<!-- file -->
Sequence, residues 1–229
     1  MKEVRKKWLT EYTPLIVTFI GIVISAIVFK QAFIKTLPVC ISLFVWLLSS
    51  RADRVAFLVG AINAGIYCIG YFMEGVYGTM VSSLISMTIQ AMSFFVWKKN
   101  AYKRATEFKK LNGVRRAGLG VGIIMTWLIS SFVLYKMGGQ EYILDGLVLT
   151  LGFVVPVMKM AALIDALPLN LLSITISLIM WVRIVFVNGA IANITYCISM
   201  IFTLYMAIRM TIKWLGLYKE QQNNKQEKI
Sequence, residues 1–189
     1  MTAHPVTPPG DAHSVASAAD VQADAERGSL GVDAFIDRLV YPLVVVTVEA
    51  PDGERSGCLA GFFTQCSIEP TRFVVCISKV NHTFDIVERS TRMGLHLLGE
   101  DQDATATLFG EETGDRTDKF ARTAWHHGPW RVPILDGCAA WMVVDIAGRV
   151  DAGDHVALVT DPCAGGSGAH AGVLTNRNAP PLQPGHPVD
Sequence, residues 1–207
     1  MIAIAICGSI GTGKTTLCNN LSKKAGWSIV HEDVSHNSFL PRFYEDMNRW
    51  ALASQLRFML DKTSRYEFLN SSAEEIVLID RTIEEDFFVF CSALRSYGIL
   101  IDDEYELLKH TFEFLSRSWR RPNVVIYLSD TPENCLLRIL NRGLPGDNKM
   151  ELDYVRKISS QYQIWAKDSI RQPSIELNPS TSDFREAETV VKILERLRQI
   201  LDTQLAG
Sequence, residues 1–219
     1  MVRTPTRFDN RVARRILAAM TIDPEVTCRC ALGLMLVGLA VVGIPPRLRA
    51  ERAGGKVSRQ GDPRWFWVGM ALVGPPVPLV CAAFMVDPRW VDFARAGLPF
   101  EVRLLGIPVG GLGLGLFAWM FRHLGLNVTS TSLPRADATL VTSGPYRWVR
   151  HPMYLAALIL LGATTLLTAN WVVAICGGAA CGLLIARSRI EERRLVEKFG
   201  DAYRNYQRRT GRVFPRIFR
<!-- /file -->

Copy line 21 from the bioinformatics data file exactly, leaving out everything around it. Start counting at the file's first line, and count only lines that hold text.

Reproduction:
   101  EVRLLGIPVG GLGLGLFAWM FRHLGLNVTS TSLPRADATL VTSGPYRWVR